I’m with you on things in the shops in September and people with their tree up for months… but cooking… everything’s better steeped for ever in alcohol right?

  4. October 4, 2014 9:46 pm

    October certainly isn’t too early to prepare Christmas food, I think in my Fanny Cradock Christmas book she starts giving you jobs in March!

    Never got around to doing this but my grandma left the iced cake until the next year more than once and it was very good indeed!

    • October 5, 2014 9:09 am

      I’d love a Fanny Craddock cook book!

  5. October 4, 2014 10:18 pm

    Love these it reminds me of the time I spent in London 🙂

  6. October 5, 2014 12:37 am

    Great idea to soak the fruit as there’s nothing worse than a dry christmas cake. I usually soak my dried fruit like this when I make a bread and butter pudding – a tip I picked up from my time in catering:-)

    • October 5, 2014 9:09 am

      Now that’s a fantastic idea.

  7. October 5, 2014 12:58 am

    This looks intriguing! I’d love to try to make a Christmas pudding, but I am the only one who eats it. And as I am already pudding-shaped, that’s not a very good idea.
    Looking forward to the next instalment!

  8. October 5, 2014 2:23 am

    clever you Sally, look forward to seeing the cake evolve! Hope you have had a lovely celebratory weekend.

  9. therealgeordiearmani permalink
    October 5, 2014 9:23 am

    I need to do visit the Cellar 🙂

  10. October 5, 2014 10:14 am

    Shubho Bijoya to you and your family Sally… I have been cooking the whole weekend – traditional, very traditional cooking. And this morning was spent *soaking* in everything – I am going to make a cake this Christmas with Big Z’s help – so will wait for your recipe update.

    • October 5, 2014 10:59 am

      Just had to Google ‘Shubho Bijoya’ … auspicious victory. Enjoy your celebrations Ishita and love to your family.

  11. October 5, 2014 12:28 pm

    I miss the days of living in Mauritius with all the different beliefs and customs.
    Love your cake mix!
    Have a wonderful week ahead Sally.
    🙂 Mandy xo

  12. October 5, 2014 1:18 pm

    Mmmhhh, you remind me that I should soon bake a Christmas cake…



  13. October 5, 2014 2:15 pm

    I love the idea of adding stem ginger to the mix. We always drip-feed our cake with the rest of the bottle of brandy in the weeks leading up to Christmas. Tastes fantastic, but I wouldn’t advise driving after a slice!

  14. ramblingtart permalink
    October 6, 2014 3:04 am

    Ohhhh, I’m SO happy you posted about this today. 🙂 I want to make my first boozy Christmas cake this year so I’m glad I now know I’d better get a move on!

  15. October 6, 2014 9:07 am

    I’m definitely jumping aboard the fruit-soaking train Sally! I LOVE Christmas and a boozy Christmas cake is one of the most delicious parts!

    • October 6, 2014 5:00 pm

      boozy soak planned next for the mincemeat, pudding… draw the line at sprouts…just.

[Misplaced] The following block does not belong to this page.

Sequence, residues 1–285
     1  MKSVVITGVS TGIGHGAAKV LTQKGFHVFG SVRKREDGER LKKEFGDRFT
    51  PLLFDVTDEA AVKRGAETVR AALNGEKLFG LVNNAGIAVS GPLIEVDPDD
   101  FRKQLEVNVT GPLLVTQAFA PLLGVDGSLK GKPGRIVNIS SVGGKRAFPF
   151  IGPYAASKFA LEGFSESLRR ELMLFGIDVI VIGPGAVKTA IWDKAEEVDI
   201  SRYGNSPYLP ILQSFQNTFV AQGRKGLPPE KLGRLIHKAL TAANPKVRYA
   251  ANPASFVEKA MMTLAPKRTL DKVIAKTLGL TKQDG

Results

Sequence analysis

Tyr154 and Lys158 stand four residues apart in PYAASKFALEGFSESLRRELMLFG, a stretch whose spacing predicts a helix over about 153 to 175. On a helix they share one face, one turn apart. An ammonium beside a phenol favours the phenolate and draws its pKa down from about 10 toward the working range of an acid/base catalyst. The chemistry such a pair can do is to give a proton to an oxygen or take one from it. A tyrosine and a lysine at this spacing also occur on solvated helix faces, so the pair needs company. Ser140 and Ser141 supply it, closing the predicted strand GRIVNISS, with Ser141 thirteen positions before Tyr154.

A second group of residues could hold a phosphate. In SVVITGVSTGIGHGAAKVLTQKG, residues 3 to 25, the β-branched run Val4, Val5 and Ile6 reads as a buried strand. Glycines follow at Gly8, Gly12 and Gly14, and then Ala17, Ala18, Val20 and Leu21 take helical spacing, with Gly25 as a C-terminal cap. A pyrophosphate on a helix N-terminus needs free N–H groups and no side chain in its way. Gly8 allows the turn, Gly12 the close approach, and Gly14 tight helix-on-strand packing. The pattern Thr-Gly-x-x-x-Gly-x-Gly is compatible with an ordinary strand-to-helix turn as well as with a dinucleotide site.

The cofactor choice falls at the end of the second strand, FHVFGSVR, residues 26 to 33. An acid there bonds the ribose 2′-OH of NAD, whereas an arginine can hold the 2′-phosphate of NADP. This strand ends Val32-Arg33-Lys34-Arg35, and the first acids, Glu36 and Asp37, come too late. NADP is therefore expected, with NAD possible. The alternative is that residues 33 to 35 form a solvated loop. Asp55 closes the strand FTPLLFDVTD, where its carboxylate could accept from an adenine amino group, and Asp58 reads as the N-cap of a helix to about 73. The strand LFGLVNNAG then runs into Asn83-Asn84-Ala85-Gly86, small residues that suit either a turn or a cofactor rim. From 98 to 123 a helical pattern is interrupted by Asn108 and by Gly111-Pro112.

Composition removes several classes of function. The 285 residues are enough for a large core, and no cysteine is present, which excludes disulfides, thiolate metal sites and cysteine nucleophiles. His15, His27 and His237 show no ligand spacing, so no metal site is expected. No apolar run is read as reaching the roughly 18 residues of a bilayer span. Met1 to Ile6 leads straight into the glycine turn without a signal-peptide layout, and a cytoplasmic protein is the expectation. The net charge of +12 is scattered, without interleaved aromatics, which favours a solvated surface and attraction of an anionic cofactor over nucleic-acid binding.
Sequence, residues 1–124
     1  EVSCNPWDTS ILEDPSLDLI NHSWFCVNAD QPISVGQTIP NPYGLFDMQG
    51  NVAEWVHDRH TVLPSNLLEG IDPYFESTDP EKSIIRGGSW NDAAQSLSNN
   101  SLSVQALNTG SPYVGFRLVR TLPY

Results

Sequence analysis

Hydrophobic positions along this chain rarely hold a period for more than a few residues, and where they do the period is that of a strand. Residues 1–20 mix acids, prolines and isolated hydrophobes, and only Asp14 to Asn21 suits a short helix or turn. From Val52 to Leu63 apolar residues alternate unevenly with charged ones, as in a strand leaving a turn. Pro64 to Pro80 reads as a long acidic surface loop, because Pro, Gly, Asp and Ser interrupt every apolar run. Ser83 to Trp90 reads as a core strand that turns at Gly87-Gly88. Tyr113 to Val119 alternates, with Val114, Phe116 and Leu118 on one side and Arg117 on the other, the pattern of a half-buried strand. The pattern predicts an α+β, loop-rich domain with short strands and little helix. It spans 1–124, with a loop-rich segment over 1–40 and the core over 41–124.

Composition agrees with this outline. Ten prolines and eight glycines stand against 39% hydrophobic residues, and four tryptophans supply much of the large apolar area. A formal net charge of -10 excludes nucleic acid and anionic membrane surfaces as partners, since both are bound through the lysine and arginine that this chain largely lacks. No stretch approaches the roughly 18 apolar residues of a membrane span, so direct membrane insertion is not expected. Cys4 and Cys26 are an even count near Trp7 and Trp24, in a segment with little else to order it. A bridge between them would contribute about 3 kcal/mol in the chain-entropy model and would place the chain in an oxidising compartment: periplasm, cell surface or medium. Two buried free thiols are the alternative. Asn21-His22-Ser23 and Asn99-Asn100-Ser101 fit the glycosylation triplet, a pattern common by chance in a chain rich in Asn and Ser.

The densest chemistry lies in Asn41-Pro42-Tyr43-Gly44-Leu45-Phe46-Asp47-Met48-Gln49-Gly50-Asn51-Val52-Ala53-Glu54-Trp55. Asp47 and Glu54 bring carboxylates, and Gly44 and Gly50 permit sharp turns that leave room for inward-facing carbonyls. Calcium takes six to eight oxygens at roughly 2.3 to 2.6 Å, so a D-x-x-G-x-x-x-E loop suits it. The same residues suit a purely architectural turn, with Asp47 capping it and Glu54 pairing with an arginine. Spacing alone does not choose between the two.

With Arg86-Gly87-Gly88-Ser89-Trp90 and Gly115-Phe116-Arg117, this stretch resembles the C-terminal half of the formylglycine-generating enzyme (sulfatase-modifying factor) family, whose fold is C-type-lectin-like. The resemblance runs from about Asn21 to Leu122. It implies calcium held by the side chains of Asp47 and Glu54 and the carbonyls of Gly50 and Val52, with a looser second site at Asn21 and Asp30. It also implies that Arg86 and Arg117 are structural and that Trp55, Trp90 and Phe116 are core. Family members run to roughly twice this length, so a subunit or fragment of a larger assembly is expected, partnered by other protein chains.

16. October 6, 2014 11:59 am

    My darling mom has been doing this for years and come Christmas, we always treat our taste buds to a homabaked rum soaked Christmas cake and traditional Mangalorean sweets called Kuswar. Pure joy!

    • October 6, 2014 4:59 pm

      Sounds like a delicious Christmas in your home Jasmine.

  17. October 6, 2014 11:01 pm

    My grandmother actually made and started soaking her cake in rum from October. If I remember correctly, she (or one of us) would feed it every week or so. Seeing as we were generally a tee-total family (Mum was allergic to alcohol) you can imagine the effect the cake had on us by Christmas! And yes, you are blessed to live in such a multi-cultural place where religions seem to mix with relative ease, and customs respected and celebrated. And the food culture with influences from so many countries and areas – just wow. The syrup idea is a good one. I have used an adapted Delia recipe in the past but my MIL loves to make the cake as I make the family dinner so I shan’t get a chance to try this out for awhile yet. Lovely post, Sally.

  18. October 7, 2014 5:47 pm

    Hahahaha I am glad I am not the only person who does this – I often get “compliments” on how boozy my cake is though I have been accused of making it stronger and stronger every year! (They are probably right). Even so…I think it’s a little too early for me to start yet!

  19. October 10, 2014 10:53 am

    Instead of self-raising flour, can I use baking soda and plain flour. How much of what do I need, can you please tell me on instagram @shrishtizitasaha or DM me. Thank you.

  20. November 2, 2014 8:01 pm

    I normally add both fruits (raisins and dried cherries) and nuts into my mixture. The nuts are great!! They hold the booziness through and through and so nice to bite into them. I haven’t done it with sugar though, as I am under the assumption that the fruit have enough sweetness to balance out the cake? How has yours turned out with sugar in the past?
    Good tip on the ginger… will try that this time 🙂